Stages in the access continuum

In order to access treatment, the patients have to pass through different successive stages to access treatment. These stages are hereby outlined.

The stage of non desire

The patient often passes through a stage of contemplation and guilt following exposure to high risk behaviour (such as unprotected sexual intercourse). This prompts the patient to do the HIV test. When the patient starts developing symptoms that are non responsive to medical treatment, they start thinking of doing the HIV Elisa test. This is followed by a stage of affirmation, when the HIV test is done and the result is positive. There is a stage of denial whereby the patient refuses to believe the HIV diagnosis. There is the stage of reaffirmation, when the HIV test is redone or some other confirmatory test (Western Blot) is done to confirm the HIV diagnosis. This is followed by the stage of emotional turmoil. The patient is often distraught with the diagnosis. During this stage, the patient may pass through bouts of self stigma, isolation, anxiety or depression. He or she may try to reject the diagnosis. Those that are religious will attempt to use faith to fight the infection. Usually, there is no desire to access treatment because of the lifelong implications of taking ARVs. During this period, the patient may then enter into the stage of disclosure. The patient has to make a decision as to who to disclose and when. Depending on if the disclosure is made and to whom it is made, the patient then follows some other main stages. He or she may receive social connection support or religious support or may be advised to try alternative remedies.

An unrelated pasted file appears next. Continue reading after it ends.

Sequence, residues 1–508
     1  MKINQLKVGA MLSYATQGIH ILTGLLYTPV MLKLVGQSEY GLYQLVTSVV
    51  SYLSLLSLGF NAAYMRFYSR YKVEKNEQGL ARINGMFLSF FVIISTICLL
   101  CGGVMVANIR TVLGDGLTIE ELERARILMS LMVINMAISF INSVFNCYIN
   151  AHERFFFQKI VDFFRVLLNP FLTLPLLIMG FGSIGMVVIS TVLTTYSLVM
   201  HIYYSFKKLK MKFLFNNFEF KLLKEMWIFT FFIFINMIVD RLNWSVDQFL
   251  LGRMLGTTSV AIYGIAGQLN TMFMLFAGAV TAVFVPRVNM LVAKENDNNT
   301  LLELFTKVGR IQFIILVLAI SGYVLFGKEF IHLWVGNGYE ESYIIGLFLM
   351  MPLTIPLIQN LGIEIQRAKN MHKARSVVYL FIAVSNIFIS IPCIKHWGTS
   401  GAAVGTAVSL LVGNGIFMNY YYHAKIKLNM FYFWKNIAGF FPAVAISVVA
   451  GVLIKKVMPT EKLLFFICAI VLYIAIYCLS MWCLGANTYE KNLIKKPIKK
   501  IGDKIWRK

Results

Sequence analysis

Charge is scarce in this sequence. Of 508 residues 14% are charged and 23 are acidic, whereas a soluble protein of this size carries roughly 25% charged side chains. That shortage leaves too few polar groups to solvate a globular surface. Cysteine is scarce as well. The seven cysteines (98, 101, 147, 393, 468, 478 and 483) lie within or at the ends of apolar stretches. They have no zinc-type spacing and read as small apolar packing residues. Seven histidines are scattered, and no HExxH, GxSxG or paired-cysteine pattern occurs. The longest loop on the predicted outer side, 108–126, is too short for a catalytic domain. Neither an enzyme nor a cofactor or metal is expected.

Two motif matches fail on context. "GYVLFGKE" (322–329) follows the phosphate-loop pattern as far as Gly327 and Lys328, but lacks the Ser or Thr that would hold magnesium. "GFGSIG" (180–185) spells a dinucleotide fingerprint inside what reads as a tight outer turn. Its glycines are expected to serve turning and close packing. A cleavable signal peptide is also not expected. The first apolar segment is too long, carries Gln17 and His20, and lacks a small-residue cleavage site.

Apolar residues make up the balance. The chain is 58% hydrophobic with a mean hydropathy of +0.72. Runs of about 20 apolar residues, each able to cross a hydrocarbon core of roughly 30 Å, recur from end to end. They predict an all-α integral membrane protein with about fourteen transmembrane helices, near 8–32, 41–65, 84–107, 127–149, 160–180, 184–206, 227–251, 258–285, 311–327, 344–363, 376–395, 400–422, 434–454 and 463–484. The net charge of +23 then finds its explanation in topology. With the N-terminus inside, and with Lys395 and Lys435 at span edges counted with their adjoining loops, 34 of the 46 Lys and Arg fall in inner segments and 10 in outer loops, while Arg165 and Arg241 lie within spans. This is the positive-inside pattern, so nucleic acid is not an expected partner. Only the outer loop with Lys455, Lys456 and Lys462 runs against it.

The alternative access stage

At this point, the patient tries various alternative treatments. These could range from spiritual treatment such as prayers and incantation, to using of local herbs, to using of organised herbal products from Chinese companies or food supplement companies. The social actors involved at this stage could range from the traditional pharmacist, the herbal marketer, herbalist or pastor of a church. Forever living products ranked high as a product that was used as an alternative to ARVs. Others used local herbs. When these fail, then the patient begins to look for pharmaceutical treatment from the organised health care system.

They said the man used to (giggles) that has a cure for HIV. But there is no any cure. If you go, they will give you leaves. You will go and cook. You’ll cook, you’ll drink and you’ll bath. I took it for many years.

The stage of desired access

It is at this stage that the patient attempts to get information about how and where to access antiretroviral treatment following failure of the other alternative treatment regimes. Usually by this time the disease would have progressed. Friends and relatives may be commenting that the patient is losing weight or looks ill. It is important that these social connectors support the patient at this stage to access treatment. Prior to 2004 when the ARVs were made free, people passed through a lot of problems before they could access the drugs.

It was a hell even to put your name on the list. It was a hell. Some people passed through hell before they accessed the ARVs. (Patricia)

Realised access stage